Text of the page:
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    \$\begingroup\$ Some people think that there's only one D&D SRD -- we had a user recently who thought that d20srd material was part of D&D 5e, because they'd heard about the D&D 5e SRD. I'm not sure where would be best to put it, but it might be worth clarifying there's different SRDs. \$\endgroup\$ Oct 6, 2016 at 17:09
  • \$\begingroup\$ @doppelgreener I added a note to that effect, and replaced "SRD" with "SRDs". \$\endgroup\$
    – DuckTapeAl
    Oct 6, 2016 at 17:58
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    \$\begingroup\$ The point of the 3e SRD was explicitly to get other games to use the same “engine”. (And sell more PHBs since the SRD intentionally left out information about leveling up characters.) It was never primarily intended to give potential players a taste of the system. The 5e Basic PDFs are clearly meant to give potential players a taste of the system, which suggests to me that the 5e SRD has a slightly different purpose. But I haven’t been keeping up as much with 5e developments. \$\endgroup\$ Oct 6, 2016 at 20:00
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    \$\begingroup\$ -1 for "The point of the D&D SRDs as a document is to give potential paying customers a taste of the system, so they can see if they like it and potentially buy books" - the point of the SRD is to distribute what 3rd parties may include in their compatible works. At least for all the D&D ones... \$\endgroup\$
    – aramis
    Oct 8, 2016 at 11:46
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    \$\begingroup\$ The 5e Basic PDFs and the 5e SRD are different things. dnd.wizards.com/articles/features/… \$\endgroup\$ Oct 11, 2016 at 15:01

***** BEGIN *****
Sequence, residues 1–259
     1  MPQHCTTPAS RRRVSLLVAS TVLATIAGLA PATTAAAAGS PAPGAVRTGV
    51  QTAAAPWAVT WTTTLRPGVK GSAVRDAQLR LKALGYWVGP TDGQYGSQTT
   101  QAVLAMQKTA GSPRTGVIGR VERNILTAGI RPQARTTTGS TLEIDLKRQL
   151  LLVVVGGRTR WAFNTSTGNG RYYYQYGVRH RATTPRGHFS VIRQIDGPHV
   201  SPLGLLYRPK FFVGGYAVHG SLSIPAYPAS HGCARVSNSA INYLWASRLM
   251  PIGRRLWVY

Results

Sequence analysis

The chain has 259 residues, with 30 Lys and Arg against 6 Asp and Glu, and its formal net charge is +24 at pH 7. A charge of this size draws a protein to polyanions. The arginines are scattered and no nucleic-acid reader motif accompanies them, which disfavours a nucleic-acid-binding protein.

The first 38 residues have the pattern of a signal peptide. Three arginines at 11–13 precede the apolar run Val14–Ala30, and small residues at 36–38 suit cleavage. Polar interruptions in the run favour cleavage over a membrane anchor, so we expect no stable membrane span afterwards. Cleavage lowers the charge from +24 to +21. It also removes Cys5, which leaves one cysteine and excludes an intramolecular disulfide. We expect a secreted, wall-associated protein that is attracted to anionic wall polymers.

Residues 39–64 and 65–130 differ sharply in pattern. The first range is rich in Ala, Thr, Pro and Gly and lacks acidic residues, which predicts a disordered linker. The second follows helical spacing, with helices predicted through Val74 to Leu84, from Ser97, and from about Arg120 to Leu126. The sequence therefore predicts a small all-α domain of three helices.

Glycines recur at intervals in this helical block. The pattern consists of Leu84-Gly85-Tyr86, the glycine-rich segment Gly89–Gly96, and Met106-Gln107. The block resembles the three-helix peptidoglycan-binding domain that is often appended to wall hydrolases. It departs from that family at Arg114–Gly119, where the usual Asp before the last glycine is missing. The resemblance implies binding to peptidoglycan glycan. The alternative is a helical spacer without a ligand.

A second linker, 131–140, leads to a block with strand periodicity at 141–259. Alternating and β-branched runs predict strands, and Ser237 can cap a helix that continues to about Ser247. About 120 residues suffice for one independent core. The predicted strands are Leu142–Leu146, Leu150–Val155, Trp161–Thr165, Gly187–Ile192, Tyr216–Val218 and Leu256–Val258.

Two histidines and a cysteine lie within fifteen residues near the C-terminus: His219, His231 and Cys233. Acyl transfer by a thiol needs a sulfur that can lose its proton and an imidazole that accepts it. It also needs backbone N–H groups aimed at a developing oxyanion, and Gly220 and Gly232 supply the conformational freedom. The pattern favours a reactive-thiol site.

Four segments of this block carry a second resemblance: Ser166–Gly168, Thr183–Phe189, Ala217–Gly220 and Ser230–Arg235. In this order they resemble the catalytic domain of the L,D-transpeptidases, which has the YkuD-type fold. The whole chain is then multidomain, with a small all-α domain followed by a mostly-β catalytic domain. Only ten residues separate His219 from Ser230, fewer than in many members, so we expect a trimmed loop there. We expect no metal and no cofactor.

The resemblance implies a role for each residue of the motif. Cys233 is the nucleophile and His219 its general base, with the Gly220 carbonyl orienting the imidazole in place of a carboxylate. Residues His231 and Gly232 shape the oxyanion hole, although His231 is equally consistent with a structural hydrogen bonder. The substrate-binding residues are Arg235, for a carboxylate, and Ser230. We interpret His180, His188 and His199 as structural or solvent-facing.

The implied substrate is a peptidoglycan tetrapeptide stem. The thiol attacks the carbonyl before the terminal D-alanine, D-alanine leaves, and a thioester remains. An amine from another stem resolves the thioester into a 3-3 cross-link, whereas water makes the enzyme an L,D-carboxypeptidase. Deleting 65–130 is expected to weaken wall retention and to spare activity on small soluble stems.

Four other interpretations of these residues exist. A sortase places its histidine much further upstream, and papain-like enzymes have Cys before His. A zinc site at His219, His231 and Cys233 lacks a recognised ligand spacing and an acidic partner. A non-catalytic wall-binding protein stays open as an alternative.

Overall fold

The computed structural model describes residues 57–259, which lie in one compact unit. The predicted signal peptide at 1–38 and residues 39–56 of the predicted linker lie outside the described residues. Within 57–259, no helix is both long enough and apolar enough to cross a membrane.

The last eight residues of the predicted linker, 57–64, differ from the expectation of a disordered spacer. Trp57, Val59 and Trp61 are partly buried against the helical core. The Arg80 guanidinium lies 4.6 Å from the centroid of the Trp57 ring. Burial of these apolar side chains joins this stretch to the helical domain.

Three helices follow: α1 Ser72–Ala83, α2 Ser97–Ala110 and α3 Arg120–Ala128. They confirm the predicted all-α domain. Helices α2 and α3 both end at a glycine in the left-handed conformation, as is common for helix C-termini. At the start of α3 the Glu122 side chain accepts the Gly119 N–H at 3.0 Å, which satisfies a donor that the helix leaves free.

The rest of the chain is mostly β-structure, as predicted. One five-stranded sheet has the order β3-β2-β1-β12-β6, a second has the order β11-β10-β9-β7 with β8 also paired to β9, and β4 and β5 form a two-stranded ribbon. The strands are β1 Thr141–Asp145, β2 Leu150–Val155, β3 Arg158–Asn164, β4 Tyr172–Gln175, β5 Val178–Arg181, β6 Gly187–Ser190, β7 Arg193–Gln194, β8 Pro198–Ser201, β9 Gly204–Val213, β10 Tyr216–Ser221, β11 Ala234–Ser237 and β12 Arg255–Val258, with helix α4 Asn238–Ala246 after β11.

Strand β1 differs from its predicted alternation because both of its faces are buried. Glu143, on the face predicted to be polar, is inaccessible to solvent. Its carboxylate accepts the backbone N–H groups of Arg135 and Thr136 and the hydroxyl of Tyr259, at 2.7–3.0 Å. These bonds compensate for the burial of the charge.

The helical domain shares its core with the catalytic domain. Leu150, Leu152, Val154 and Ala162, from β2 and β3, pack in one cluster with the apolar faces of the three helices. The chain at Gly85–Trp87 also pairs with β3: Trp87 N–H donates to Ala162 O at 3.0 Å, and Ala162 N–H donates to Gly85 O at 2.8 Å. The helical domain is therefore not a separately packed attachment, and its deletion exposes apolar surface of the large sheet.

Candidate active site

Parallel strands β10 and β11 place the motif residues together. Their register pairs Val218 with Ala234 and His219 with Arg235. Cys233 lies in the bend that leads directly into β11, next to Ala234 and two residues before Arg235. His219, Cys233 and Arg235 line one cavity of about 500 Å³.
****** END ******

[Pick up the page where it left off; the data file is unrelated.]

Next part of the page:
I am not a lawyer. I am not providing legal advice. Contact your local IP attorney for legal advice before using the OGL.

The answer lies in the OGL declaration in the Corebook. Or in its absence.

The OGL requires a declaration within the text of what is and is not open content. Often, this is either just before or after the license text itself, or is added as a subsection of sections 1(d) and 1(e), and sometimes as section 16.

If the corebook does not include the OGL ①, then nothing in it is open content. Period. When writing, forget that that corebook exists.

If it does contain the OGL, examine the declarations in sections 1 and (if present) 16, and/or on the copyright page. It should tell you what is Product Identity. If the corebook includes some things that didn't make it into the SRD, but which are not Product Identity ② (eg: Mind Flayer brain sucking ability), you can use them, but need to document the corebook in your section 15 declarations.


① The Wizards OGL 1.0a is not the only open license in use. All of them require different things. Mixing different licenses is definitely time to contact a lawyer.
② if the declaration is unclear, don't use the document until you get clarifications.


I am presuming you are referring to 5th edition.

To answer your question(s) directly. Only the SRD is covered by the OGL. If you choose to use the SRD to develop content, you are bound by the OGL. (For example, you cannot state that your content is compatible with DnD 5th edition or mention the Monster Manual or Dungeon Master's Guide as this would violate item 7 in the OGL.)

Under Fair Use, you can publish compatible content and reference WotC intellectual property (trademarks and copyrighted material) as long as you don't infringe on their rights. For example, you can have an NPC who is a Veteran and reference that a Veteran is on Monster Manual p.250, but you cannot reproduce the statblock that is presented on Monster Manual p.250 in your material. (The line at which a quote becomes copyright infringement is kind of fuzzy, though.)

It is worth noting that anything you post to the DM's Guild site must adhere to the OGL.

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    \$\begingroup\$ The question is intended to cover both 5e and 3.5e as a canonical question. \$\endgroup\$ Oct 6, 2016 at 19:01